Around this time last year, I photographed an event in Fleetwood as part of a Residency and art collaboration called Real Estates.
Turning up on what had been a wet day to find a residential road closed to cars complete with stage, large exhibition prints on huge sandwich boards, a DJ and Soundsystem, and young models and dancers dressed in Fleetwood inspired clothes.
Did it remind me of Blackpool Carnivals from my younger days or street parties when communities would celebrate together with wallpaper tables and spare chairs brought out onto streets? Absolutely. I caught up with the artist Ocean Farini to find out more about her collaboration in the Fleetwood community, what her approach to creativity is, and how class, identity, and happiness inform her work.
Tell us a bit about you?
I’m a northern artist in my 20’s bouncing about between Lancashire & Derbyshire, working with a mash-up of photography, clothes & collage.
How would you describe your practice, approach to creativity?
I would say it’s a kind of mixed bag of questions, photographs, scrawled notes, and conversations. I’m interested in working collaboratively with people & places to explore ground-up ideas of identity, class, value, and happiness.
You were based in Fleetwood on a residency, what was your highest point of the residency and the lowest?
There are a million good things and a million more complicated things I could say! I guess a ‘low-light’ would have been the first couple months of navigating living/ working alone in a new town, but all of this is outshined by the experiences of making work with people. Starting & running OUR BIG GREEN, which was a project exploring the importance of green spaces, and FRONT DOOR, local photography & a streetwear label with a group of young people – were the biggest highlights & have really impacted by practice since.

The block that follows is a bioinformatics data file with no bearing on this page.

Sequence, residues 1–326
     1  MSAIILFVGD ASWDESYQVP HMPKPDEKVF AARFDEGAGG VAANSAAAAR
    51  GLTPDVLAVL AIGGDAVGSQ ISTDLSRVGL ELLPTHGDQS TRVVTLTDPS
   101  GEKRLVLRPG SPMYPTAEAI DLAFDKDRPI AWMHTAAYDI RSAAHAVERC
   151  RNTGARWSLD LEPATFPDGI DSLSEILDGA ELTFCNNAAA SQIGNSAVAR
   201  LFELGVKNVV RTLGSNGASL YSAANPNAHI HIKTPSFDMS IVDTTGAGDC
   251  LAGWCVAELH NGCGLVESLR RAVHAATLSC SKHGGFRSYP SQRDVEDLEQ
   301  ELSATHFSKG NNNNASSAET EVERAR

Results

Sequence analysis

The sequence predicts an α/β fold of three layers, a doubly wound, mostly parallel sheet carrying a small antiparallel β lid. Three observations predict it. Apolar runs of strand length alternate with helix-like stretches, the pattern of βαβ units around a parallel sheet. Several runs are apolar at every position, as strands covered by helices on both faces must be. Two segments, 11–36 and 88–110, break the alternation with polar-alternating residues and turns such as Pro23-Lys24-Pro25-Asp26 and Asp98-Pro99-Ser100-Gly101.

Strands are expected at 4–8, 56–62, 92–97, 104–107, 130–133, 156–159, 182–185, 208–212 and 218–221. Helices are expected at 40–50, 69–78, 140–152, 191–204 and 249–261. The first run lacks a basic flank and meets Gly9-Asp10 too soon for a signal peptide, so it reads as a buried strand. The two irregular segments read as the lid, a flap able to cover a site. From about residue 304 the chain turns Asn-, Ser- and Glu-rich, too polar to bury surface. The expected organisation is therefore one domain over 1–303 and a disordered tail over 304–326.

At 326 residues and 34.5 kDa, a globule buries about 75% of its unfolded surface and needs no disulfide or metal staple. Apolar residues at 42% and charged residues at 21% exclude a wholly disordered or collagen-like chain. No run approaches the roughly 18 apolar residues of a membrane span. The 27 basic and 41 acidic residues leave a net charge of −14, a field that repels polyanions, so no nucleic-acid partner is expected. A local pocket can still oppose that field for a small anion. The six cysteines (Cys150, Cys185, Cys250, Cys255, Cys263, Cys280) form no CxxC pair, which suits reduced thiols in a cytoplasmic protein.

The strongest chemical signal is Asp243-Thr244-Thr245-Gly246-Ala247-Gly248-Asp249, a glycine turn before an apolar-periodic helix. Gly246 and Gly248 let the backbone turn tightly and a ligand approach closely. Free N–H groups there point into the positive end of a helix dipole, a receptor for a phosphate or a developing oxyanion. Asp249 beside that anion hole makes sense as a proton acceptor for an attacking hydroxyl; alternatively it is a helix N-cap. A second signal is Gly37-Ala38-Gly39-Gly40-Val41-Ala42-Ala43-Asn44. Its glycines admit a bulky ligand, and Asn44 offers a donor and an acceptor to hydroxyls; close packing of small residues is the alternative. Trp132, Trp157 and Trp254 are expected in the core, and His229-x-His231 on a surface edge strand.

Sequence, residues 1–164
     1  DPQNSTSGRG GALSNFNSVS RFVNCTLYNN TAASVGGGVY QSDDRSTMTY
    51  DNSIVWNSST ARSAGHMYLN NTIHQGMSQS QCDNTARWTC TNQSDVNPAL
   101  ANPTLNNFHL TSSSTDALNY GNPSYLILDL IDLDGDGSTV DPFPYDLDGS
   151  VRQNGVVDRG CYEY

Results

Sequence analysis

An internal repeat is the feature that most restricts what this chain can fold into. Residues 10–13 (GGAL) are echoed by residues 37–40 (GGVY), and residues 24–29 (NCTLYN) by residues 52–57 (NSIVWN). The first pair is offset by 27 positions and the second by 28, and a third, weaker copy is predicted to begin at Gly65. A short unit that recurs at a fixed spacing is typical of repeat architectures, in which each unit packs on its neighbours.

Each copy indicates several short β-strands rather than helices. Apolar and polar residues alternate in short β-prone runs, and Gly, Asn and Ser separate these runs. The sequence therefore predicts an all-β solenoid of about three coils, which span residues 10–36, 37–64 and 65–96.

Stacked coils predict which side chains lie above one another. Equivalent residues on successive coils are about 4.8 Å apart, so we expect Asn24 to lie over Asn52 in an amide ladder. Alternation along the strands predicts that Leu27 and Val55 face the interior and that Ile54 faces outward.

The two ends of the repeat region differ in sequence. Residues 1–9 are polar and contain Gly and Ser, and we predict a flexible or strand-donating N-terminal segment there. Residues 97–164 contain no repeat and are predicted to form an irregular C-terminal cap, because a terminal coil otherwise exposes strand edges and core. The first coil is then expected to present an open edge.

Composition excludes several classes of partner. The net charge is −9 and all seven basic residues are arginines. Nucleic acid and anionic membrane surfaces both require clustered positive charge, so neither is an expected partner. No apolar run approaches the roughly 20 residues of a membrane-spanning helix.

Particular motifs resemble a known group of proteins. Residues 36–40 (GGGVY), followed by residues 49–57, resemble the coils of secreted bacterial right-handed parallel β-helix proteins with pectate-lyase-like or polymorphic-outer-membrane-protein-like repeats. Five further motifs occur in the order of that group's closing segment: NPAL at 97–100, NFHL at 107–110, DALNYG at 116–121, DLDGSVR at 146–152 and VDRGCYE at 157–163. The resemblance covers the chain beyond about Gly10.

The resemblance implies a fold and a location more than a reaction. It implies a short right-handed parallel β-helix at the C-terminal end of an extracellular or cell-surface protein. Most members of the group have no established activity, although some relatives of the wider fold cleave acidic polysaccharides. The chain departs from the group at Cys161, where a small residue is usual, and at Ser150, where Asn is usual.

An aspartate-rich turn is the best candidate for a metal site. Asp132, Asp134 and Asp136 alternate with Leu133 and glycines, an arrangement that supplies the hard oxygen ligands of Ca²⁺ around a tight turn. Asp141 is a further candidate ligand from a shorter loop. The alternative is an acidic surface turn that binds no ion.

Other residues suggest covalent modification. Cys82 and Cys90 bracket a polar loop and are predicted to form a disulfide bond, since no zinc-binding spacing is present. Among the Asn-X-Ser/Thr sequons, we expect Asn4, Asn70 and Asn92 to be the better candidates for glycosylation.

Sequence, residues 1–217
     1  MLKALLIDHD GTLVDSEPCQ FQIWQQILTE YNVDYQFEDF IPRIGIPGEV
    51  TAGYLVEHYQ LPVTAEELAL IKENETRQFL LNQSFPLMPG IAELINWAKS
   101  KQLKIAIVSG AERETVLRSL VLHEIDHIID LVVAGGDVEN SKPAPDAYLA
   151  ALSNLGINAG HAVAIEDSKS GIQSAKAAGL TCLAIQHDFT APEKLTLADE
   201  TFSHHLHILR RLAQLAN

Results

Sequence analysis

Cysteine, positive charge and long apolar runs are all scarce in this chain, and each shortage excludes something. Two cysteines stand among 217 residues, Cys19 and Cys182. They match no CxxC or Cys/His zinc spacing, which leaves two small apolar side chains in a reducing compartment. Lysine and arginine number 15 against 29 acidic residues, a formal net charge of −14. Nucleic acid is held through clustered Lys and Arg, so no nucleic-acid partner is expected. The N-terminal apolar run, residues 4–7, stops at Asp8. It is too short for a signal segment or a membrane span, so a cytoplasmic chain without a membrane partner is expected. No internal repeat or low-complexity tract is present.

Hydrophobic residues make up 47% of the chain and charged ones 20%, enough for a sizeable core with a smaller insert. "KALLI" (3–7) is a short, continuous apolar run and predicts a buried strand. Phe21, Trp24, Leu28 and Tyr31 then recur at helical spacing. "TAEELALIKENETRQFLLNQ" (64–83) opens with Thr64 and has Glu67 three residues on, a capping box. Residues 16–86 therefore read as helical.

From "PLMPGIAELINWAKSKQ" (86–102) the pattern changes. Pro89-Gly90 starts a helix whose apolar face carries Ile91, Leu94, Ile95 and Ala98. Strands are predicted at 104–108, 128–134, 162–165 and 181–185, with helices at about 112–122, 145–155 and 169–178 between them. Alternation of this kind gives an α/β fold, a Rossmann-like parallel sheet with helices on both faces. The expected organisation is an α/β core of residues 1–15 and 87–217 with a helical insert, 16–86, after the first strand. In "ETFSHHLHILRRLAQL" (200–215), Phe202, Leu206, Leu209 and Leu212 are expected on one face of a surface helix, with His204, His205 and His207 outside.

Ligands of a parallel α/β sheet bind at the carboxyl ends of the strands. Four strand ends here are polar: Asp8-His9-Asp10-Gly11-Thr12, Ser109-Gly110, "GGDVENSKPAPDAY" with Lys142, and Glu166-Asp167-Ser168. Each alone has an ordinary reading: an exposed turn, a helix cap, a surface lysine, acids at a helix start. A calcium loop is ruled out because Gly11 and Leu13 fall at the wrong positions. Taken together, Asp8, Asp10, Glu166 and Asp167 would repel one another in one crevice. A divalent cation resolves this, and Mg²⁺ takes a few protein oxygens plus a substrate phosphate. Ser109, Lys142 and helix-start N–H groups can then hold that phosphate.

Did you have any expectations for the residency?
I guess I expected it could be difficult to ‘start’, especially as I was really writing my own brief. But the reality was that it actually didn’t feel like this at all, I all of a sudden found myself involved in loads of aspects of the community – we ended up making work that talked about a lot of the misconceptions of life up here.
The term socially engaged practice has become a bit of a buzzy term. What do you think are alternative ways of describing this kind of approach to creativity?
I think socially engaged practice is becoming increasingly exciting, but we have to remember we didn’t invent it. People have been working collaboratively forever, making stuff that sparks conversation & change both locally and internationally. I think there are a load more alternative approaches within this kind of practice to be explored – especially in terms of outcome. There’s this weird ‘community art’ box that stuff ends up in, where we don’t really mind what it looks like or where we see it, cos’ it’s all about ‘process’. I’m really at odds with this. I totally believe that the outcomes of this kind of work should be held to the same stead as the work of any other artist.
I think I am always thinking about audiences too and how the community can be involved in creativity and the exchange between subject and camera? What are your thoughts?
Yeah, I guess I am too! I think this idea of turning the camera in on ourselves is a really good place to start. It’s really basic I suppose, but the age-old idea of literally putting the camera/tool in the hands of the people you’re making work with, letting them take the lead. That’s what it’s all about. That doesn’t mean that as the artist/ facilitator/ photographer you can’t make images too, but it does mean that the voice coming through the work is that of a crowd or collective, as opposed to the individual.
Watch The Front Door Film here
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